Sessions: The United States will no longer be asylum against violence
Attorney General Jeff Sessions approved on Monday a court ruling that eliminates domestic violence and criminal gangs as grounds for granting asylum to immigrants.
The U.S. Department of Justice has strengthened its fist around anti-immigrant measures.
This time the department has furthered its hostile stance through a ruling by Attorney General Jeff Sessions that has overturned a 2016 court precedent that allowed women, victims of domestic violence, to apply for asylum in the United States, the Washington Post reported.
In what Sessions has described as a "correct interpretation of the law," his decision contradicts the previous ruling of the Board of Immigration Appeals in order to "restore sound principles of asylum and long-standing principles of immigration law.”
However, despite the growing media paranoia of the Trump administration, figures from the same Department of Justice have shown that, since 2014, "people seeking asylum from gang violence have only rarely succeeded," explained the New York Times "Those who were granted entry often argued their cases for multiple grounds."
Even so, this new measure will harm thousands of women and children fleeing the rampant violence in Central America to seek refuge in the United States and may cause the death of many of them, as assured by Michelle Brané, director of the Women's Refugee Commission, an immigrant rights and justice program.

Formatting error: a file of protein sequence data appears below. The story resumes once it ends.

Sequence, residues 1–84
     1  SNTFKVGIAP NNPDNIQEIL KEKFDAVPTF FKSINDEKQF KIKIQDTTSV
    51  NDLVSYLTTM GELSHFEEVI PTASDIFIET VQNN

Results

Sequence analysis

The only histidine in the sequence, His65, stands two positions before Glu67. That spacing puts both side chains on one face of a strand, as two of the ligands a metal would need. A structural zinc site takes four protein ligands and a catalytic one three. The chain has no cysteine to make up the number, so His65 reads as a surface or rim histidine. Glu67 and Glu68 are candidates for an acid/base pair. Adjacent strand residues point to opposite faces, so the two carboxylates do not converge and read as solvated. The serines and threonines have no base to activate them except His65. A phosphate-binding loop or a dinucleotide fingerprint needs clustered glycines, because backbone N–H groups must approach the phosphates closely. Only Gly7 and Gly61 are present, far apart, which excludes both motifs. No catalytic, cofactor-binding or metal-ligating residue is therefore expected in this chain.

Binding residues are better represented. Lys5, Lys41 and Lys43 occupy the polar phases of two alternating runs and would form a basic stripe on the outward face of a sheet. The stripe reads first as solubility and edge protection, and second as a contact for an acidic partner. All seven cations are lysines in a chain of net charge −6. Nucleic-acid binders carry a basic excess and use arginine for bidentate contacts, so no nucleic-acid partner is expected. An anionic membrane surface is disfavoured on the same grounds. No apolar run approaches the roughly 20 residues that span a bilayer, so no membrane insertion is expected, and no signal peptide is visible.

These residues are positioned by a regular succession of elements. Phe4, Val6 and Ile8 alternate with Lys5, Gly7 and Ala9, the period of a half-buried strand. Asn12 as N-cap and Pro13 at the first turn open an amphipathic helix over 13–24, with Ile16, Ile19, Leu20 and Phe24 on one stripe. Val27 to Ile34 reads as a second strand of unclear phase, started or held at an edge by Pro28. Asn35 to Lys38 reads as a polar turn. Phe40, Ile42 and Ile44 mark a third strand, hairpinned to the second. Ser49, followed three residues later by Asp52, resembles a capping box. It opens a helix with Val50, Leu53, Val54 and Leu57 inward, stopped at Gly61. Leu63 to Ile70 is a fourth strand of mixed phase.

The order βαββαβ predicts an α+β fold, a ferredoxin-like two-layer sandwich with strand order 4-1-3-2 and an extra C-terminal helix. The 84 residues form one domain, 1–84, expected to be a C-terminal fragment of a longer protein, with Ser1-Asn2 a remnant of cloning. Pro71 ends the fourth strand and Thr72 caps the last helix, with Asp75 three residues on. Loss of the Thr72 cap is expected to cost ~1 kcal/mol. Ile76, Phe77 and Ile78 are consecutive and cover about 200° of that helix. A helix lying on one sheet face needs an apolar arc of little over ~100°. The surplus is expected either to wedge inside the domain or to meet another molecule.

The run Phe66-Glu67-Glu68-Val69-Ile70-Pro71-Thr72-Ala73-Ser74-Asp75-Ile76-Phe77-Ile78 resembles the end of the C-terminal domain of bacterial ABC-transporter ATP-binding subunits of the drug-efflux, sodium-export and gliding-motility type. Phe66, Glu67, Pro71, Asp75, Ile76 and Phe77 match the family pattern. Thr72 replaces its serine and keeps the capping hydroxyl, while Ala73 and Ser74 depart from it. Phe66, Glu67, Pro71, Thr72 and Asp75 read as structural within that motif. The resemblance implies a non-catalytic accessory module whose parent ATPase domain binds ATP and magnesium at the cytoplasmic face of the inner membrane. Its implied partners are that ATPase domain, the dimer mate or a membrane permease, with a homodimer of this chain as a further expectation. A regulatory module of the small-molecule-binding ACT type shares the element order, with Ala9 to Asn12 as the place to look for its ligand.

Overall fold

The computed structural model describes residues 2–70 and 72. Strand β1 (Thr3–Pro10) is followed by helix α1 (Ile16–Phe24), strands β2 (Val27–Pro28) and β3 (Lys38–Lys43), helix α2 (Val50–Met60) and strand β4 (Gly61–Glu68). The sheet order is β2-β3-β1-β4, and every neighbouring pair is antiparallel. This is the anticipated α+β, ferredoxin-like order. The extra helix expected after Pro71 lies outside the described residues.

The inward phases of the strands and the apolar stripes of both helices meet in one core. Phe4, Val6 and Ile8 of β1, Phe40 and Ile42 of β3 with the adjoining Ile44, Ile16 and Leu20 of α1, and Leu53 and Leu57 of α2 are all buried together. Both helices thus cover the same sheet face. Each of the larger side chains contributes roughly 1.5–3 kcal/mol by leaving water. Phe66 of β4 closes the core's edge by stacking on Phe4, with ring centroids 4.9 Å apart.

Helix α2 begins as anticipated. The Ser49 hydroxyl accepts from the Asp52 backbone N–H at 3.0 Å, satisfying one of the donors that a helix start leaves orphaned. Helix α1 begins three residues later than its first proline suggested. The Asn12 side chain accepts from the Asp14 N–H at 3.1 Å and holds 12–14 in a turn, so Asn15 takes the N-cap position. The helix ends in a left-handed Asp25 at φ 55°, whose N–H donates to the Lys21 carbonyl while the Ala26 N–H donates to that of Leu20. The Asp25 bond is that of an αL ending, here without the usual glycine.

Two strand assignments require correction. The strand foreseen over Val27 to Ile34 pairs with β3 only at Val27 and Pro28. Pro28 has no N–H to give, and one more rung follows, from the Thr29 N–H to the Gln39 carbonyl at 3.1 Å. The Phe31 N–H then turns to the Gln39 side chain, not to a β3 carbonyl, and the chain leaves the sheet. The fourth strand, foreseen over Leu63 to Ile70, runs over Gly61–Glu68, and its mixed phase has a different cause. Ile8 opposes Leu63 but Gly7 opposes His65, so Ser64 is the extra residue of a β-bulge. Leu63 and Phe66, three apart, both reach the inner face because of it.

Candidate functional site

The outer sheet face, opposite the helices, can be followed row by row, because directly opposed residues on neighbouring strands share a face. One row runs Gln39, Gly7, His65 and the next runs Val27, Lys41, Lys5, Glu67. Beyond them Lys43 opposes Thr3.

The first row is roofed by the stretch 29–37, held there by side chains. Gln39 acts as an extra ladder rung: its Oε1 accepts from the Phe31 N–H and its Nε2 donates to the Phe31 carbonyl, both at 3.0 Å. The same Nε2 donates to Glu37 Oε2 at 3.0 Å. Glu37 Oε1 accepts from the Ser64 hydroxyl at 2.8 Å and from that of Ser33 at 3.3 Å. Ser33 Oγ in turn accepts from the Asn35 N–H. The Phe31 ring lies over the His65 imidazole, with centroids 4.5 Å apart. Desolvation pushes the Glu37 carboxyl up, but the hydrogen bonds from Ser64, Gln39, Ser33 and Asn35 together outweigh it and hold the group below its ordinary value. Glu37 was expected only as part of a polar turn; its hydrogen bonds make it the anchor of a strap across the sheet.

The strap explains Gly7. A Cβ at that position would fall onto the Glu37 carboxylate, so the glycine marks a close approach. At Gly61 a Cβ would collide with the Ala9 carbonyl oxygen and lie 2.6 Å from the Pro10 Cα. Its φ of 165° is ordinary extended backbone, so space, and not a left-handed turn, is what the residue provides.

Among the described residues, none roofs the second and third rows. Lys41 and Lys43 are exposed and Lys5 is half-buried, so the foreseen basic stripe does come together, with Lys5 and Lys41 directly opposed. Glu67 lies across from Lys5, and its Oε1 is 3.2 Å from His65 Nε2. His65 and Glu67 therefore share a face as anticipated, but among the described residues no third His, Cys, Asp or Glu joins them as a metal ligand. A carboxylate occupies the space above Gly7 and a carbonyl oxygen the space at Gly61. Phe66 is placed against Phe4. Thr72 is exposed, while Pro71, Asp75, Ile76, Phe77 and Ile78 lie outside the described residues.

But Sessions insisted that "generally, claims by aliens pertaining to domestic violence or gang violence perpetrated by non-governmental actors will not qualify for asylum."
Maybe then the thousands of immigrants subjected to the cruel mistreatment in the detention centers of the U.S. Immigration and Customs Agency should be candidates for asylum because, as Congresswoman Pramila Jayapal explained after her visit to the SeaTac prison, their conditions are "cruel, inhuman and heartbreaking."
Of the 206 immigrants in the center run by the Federal Bureau of Prisons that the congresswoman visited in Seattle, "most were women in seeking asylum," explained Splinter News. "After speaking to some of the 174 women there, (Jayapal) found that more than a third of them are mothers," all of whom were separated from their children after being detained.
What I heard from the women being held at the federal detention facility today was saddening and disturbing. They cried so much.
Every asylum-seeker should be immediately released, reunited with their children and connected to legal services. Anything less is cruel and barbaric. pic.twitter.com/29dZrCX3Ug
— Rep. Pramila Jayapal (@RepJayapal) 9 de junio de 2018
Likewise, the "inhuman" conditions of the facilities - low temperatures and “dog pound” confinements - could qualify as "mistreatment in the hands of governmental actors," to use the words of the attorney general, and as an open violation of human rights from the purest common sense.